Dec-13-14  SugarDom: The case of 42F is unfortunate. I guess the tumor was not detected early enough by the patient. Was this the case? Or are there screening tests for these?
Dec-15-14
Premium Chessgames Member
  visayanbraindoctor: 15 December 2014.

Entry 1.

<25 October 2014. Entry 2. I removed a 40 cc right basal ganglia hemorrhage from 43M, a deteriorating GCS 7 stroke patient, through a small craniectomy and cortisectomy through the frontal lobe. It was pretty deep and I had to tunnel through about 8cm of brain, but I have been doing this kind of surgery through the frontal lobe instead through the more usual temporal lobe for the reason that there are less critical structures that one can hit in the more 'silent' frontal lobe. As usual I did not even have to transfuse blood and I finished in slightly just over an hour.

The public CiH does not have a bipolar cautery cord, and I have to do everything with a monopolar. This means that I would have great difficulties cauterizing a brain artery should I get to hit one. Which means I have to make damn sure that I would not hit an artery in the first place.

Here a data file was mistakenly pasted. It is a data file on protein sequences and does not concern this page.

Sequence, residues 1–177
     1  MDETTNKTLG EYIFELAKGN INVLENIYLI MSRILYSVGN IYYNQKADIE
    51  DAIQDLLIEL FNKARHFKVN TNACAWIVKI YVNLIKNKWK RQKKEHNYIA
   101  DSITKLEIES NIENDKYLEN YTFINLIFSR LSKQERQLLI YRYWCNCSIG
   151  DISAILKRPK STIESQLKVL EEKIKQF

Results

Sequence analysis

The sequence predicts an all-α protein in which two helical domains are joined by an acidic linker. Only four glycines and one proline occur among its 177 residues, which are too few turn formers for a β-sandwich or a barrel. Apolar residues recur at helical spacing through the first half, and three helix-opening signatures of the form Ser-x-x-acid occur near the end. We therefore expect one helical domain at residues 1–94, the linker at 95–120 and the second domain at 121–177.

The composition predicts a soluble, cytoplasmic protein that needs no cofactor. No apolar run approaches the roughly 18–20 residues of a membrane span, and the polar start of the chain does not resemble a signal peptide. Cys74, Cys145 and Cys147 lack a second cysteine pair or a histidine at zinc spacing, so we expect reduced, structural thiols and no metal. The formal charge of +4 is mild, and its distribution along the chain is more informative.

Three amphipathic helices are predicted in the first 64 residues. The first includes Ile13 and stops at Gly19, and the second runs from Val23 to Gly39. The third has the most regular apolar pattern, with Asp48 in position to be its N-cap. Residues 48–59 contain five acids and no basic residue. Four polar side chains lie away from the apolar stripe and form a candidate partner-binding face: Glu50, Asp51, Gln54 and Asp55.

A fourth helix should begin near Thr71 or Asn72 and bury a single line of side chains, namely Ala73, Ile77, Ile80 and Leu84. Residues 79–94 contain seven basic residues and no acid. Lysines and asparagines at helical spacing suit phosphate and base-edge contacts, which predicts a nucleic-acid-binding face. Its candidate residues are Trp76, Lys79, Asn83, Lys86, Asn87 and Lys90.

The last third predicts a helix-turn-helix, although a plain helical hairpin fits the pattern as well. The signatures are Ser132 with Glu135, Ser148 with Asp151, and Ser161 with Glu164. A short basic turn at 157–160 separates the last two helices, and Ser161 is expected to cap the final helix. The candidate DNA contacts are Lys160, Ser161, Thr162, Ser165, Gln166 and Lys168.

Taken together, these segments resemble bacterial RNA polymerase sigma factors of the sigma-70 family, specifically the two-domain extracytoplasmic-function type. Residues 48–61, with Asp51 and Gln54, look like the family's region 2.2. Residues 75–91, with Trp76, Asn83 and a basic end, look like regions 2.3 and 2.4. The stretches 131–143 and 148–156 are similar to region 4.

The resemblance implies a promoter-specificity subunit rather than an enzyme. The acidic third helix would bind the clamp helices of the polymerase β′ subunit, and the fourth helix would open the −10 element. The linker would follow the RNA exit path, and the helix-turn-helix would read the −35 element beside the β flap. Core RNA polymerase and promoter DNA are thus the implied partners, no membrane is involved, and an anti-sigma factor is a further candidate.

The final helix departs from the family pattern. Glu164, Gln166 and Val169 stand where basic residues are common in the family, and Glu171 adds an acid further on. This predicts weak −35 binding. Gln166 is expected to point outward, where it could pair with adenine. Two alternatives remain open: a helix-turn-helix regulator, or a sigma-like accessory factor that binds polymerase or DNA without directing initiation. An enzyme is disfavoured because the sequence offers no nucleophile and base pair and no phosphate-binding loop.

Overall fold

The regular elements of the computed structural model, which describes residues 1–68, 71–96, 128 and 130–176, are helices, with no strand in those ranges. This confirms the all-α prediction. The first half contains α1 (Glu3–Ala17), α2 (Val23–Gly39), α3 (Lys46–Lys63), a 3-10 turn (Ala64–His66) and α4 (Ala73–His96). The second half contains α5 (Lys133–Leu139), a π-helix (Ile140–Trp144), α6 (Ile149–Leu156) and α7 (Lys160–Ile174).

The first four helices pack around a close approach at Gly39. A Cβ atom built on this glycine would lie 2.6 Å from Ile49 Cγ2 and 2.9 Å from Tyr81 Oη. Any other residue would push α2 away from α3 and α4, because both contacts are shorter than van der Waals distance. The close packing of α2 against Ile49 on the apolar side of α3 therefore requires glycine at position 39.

Later I buried the bone in his left hemiabdomen subcutaneous layer and did a tracheostomy on him.>

Two days ago, I removed 43M's tracheostomy tube, as he was now mostly awake and the secretions had from yellowish (a sign of infection) to whitish. Yesterday and this morning, he was still awake and breathing comfortably and normally through his nose. I told his wife the good news that he would probably live, although with left sided hemiparesis.

Entry 2.

<10 November 2014. Entry 2. I did an emergency tracheostomy on 68F right after finishing with 23F. 68F is a case of a hemorrhagic stroke on the right basal ganglia (60% of hypertensive brain hemorrhages occur in the basal ganglia), but it's small enough that it does not require an evacuation.>

This morning I also removed the tracheostomy tube of 68F. She was able to tolerate it afterward.

Dec-15-14
Premium Chessgames Member